What a strange thing: I helped save a life yesterday. Online. Via Facebook. Of someone I haven’t seen in probably ten years. Thus the oddity of the Internet, the incoherent patterns of how we appear and disappear to one another.
Four months ago G. friended me on Facebook – another face from the past to add to the trading card deck we call Friends on the Internet. He wasn’t someone I knew well, but had always liked for his calm and strength and kindness. And so I responded affirmatively to his request. We had a quick chat or two where he filled me in on the difficult details of his recent life (and also his lemurs) and I noted that he seemed to update his status from his worst places of frustration.
When he posted two months ago that he was at the end of his rope due to a Workers Compensation Board claim that had been denied, I put him in touch with my union and asked our WCB specialist to talk to him. I wasn’t sure if we could do anything, but all the time I see workers without advocates who are stymied by the system and most union reps I know will do for the unorganized what they do for paid members. As far as I heard afterwards, G’s case was in a stage where there was nothing for my rep to do at that time but he was told that we could support him on appeal. Not much help, but something. I was glad to offer him something.
But of course it’s not just WCB frustration going on here, but the chronic pain that has arisen from his workplace accident in the first place. There seems to be a certain amount of disbelief on the part of his doctor since they don’t know what exactly is wrong – but the G. I know is as scrupulous as they come – and when he tells the world he is suffering, that is no lie. So yesterday morning he walked into his Doctor’s office crying from his physical and psychic pain, and instead of a mental health intervention, he was given another morphine prescription.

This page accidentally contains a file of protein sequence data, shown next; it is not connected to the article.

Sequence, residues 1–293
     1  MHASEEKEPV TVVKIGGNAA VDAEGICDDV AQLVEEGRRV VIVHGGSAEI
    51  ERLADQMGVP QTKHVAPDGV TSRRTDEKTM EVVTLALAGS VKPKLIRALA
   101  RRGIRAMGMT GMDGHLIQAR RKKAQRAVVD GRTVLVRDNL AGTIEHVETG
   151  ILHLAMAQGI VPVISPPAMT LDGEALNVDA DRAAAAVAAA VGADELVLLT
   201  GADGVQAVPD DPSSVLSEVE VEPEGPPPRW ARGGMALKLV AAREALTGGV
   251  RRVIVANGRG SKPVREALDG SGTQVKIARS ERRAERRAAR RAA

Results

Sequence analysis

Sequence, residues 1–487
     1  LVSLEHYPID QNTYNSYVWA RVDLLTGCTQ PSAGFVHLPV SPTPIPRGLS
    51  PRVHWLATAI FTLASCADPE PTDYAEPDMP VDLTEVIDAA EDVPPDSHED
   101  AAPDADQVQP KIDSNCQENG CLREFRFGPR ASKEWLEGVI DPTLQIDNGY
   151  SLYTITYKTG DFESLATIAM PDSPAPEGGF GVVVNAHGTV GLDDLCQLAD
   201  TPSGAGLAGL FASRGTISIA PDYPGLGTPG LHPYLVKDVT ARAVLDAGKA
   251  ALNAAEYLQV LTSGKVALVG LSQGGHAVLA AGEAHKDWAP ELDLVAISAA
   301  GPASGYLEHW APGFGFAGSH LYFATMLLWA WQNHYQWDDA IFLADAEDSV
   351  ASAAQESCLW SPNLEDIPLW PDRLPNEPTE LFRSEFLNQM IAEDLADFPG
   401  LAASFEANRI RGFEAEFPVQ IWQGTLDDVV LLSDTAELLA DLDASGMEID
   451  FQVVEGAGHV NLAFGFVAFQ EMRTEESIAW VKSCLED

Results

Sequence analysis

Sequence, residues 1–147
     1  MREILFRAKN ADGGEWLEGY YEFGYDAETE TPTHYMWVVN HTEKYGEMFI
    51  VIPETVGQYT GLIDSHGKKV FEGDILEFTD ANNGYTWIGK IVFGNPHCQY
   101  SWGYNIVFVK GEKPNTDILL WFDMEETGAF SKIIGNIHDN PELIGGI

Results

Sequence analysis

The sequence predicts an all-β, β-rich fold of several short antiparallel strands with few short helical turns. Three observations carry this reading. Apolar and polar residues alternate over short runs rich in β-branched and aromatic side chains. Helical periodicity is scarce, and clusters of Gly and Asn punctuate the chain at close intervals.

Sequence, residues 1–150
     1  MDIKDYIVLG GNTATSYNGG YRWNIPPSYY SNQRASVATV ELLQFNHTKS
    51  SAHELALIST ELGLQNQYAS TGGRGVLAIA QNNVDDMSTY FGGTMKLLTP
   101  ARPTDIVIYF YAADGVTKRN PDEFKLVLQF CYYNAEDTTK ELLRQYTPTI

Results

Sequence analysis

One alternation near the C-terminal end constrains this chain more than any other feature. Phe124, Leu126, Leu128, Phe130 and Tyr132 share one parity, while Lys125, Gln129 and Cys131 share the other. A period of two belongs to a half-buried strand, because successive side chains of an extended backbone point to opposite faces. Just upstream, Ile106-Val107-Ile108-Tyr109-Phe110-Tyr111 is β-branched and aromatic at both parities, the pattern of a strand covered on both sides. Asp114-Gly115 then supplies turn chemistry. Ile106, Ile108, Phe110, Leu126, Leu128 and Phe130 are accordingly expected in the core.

I suspect there might have been some drinking to follow in order to build up his courage for what he did next – which was to take (by his count) 100 morphine tablets and then post that he had done so to his Facebook status. Earlier in the day I had posted in response to a note that alluded to his desire to self-harm – so I was watching out for his updates just in case….. And another friend noticed at the same time.
Of course neither of us had a phone number or address for G. and I got on Facebook and coaxed him to talk to me and give it up or call 911 himself. While I talked to G. my friend tracked down his address and called emergency services. My goal was simply to keep him conscious until they could arrive because once someone passes out in an overdose the system can really shut down fast but despite all of that he went silent about five minutes after the call was made.
And then we waited. I didn’t know if A. had got the right address or if the paramedics had gotten there in time. I didn’t know if G. had done something to further self-harm or had taken the pills earlier than he indicated. When I walked out the door of my office and into the sunshine at 4 o clock yesterday I had no idea whether I had helped G. or merely been the last person he would ever talk to. Either way, it was pretty heavy to contemplate.
I totally get suicide and what drives people to it, as sad as it makes me to think of the people in my life who have left it that way. And I really believe people have the right to end their lives if they feel that deep need. But I couldn’t ever watch it without trying to help – and even though I felt angry about it in the moment yesterday afternoon (why am I in the middle of this anyway?) – I put it in the perspective I always do later: grateful to have been called on to help someone in need.
In any case, G. was reached and taken to the hospital in time and now I see lots of people on his FB wall reaching out to him. I hope that he can find the support he needs to recover and live a better life – even with chronic pain. And I also hope that my friend who called 911 knows that she did the real miracle of saving G’s life while I merely witnessed.